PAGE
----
This post isn’t really about the BP oil disastrophe – not that anyone yet seems quite sure how much of a disastrophe it is, even politically. This post is just here to ask whether the cloudy ominous unstoppable confusion of it all is becoming a metaphor for our times.
Consider economic matters:
As reported last week, something somewhere between amazing and irrelevant has been going on with M3 – the quantity of money, all the dollars in all bank accounts. Quantity of money is an economic indicator once followed closely by mainstream economists, but nowadays hardly discussed except in the contrarian grottos and far by-ways.
The M3 money supply in the United States is contracting at an accelerating rate that now matches the average decline seen from 1929 to 1933, despite near zero interest rates and the biggest fiscal blitz in history.
Monetarists don’t believe that a “proper” recovery can occur in such circumstances, and don’t believe that stimulus programs of the type favored by Obama’s Keynesians can help. What both camps agree on, apparently, is that the mid-term outlook is beginning to cloud over. In the article linked above, UK Telegraph economics writer Ambrose Evans-Pritchard gives the following summary of confusion and self-contradiction and fear and loathing at the top:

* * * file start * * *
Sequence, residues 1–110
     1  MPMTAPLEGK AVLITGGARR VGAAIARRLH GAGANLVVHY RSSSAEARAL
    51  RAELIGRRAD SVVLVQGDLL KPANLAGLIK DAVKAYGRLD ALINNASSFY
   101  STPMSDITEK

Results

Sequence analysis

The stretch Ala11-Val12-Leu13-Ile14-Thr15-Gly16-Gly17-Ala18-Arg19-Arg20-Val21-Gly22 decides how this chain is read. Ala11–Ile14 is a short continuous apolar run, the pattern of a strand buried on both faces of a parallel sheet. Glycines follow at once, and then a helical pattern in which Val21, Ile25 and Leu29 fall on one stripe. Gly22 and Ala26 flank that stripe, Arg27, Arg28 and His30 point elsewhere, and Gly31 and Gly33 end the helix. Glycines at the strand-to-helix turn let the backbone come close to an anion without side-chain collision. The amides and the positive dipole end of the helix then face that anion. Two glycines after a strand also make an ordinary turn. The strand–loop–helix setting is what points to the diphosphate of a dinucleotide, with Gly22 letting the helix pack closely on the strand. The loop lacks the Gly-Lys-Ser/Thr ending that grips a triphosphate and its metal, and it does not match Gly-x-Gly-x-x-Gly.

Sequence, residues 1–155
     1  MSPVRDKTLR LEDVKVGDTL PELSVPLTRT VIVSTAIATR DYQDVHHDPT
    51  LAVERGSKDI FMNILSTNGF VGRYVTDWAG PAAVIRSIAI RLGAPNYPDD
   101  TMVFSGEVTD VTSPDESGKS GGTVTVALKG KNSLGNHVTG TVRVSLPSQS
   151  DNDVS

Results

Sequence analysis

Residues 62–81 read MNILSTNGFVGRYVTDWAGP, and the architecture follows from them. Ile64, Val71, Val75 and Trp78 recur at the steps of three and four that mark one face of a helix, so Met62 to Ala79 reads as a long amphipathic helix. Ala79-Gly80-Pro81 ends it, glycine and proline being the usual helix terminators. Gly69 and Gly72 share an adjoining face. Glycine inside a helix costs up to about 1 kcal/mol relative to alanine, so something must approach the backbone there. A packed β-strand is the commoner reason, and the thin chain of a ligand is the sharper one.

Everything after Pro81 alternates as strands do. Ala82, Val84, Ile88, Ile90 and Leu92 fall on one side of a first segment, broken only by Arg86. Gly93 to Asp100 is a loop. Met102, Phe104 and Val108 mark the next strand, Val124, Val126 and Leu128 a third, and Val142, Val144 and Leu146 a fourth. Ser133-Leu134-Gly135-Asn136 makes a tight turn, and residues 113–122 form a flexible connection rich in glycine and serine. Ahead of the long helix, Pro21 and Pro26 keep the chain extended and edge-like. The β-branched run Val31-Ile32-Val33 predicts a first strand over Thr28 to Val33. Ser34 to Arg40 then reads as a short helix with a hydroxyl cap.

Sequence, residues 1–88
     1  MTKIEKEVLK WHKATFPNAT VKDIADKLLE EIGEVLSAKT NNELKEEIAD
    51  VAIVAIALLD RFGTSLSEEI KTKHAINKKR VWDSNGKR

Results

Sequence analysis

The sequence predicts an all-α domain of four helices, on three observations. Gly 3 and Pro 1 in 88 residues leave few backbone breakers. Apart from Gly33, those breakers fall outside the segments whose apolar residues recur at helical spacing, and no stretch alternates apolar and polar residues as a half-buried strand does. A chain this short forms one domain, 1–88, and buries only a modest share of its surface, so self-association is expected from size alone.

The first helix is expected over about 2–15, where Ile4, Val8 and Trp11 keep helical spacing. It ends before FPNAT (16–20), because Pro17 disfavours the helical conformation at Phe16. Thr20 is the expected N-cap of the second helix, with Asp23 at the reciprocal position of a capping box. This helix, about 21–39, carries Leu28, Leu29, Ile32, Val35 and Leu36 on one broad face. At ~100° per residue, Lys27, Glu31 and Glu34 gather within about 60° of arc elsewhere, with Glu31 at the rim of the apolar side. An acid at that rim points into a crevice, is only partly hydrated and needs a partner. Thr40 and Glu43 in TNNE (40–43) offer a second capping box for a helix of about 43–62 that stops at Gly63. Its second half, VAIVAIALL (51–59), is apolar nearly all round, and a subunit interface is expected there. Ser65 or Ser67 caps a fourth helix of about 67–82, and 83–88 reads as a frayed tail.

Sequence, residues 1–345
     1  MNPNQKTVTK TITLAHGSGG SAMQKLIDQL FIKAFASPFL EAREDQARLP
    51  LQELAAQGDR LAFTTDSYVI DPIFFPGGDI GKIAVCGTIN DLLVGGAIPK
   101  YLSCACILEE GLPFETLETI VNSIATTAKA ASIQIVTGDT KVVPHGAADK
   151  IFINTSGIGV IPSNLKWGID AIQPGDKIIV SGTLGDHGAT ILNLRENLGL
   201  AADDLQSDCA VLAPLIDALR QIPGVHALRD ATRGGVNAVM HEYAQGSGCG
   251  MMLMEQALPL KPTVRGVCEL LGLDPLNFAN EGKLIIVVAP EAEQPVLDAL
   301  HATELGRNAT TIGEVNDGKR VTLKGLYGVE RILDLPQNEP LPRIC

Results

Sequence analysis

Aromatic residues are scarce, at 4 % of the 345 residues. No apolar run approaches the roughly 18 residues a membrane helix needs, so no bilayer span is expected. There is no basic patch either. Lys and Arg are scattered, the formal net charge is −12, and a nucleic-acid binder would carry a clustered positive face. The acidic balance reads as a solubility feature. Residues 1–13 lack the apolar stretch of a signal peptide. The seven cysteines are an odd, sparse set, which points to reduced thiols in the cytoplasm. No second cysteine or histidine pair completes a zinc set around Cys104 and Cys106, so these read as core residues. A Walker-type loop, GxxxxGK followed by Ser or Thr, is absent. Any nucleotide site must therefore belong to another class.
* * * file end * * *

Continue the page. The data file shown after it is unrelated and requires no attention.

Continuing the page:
Larry Summers, President Barack Obama’s top economic adviser, has asked Congress to “grit its teeth” and approve a fresh fiscal boost of $200bn to keep growth on track. “We are nearly 8m jobs short of normal employment. For millions of Americans the economic emergency grinds on,” he said.
David Rosenberg from Gluskin Sheff said the White House appears to have reversed course just weeks after Mr Obama vowed to rein in a budget deficit of $1.5 trillion (9.4pc of GDP) this year and set up a commission to target cuts. “You truly cannot make this stuff up. The US government is freaked out about the prospect of a double-dip,” he said.
The White House request is a tacit admission that the economy is already losing thrust and may stall later this year as stimulus from the original $800bn package starts to fade.
So, promises to deal with the deficit against calls for a new spending package… As mentioned in the linked article, the monetarists believe that repeated stimulus shots are what Japan tried – to no great effect. The serious Keynesians believe that boosting aggregate demand – during a time of high unemployment and apparent danger of a deflationary spiral – is absolutely essential, but that Obama et al have been far too timid. Since Obama can’t create political capital as easily as Bernanke can create money, the tendency of the system to muddle down the middle takes over.
The optimists remain optimistic that the Big Muddle will work well enough, always has before, eventually… but they mostly don’t live in and around the Gulf of Mexico or in Europe.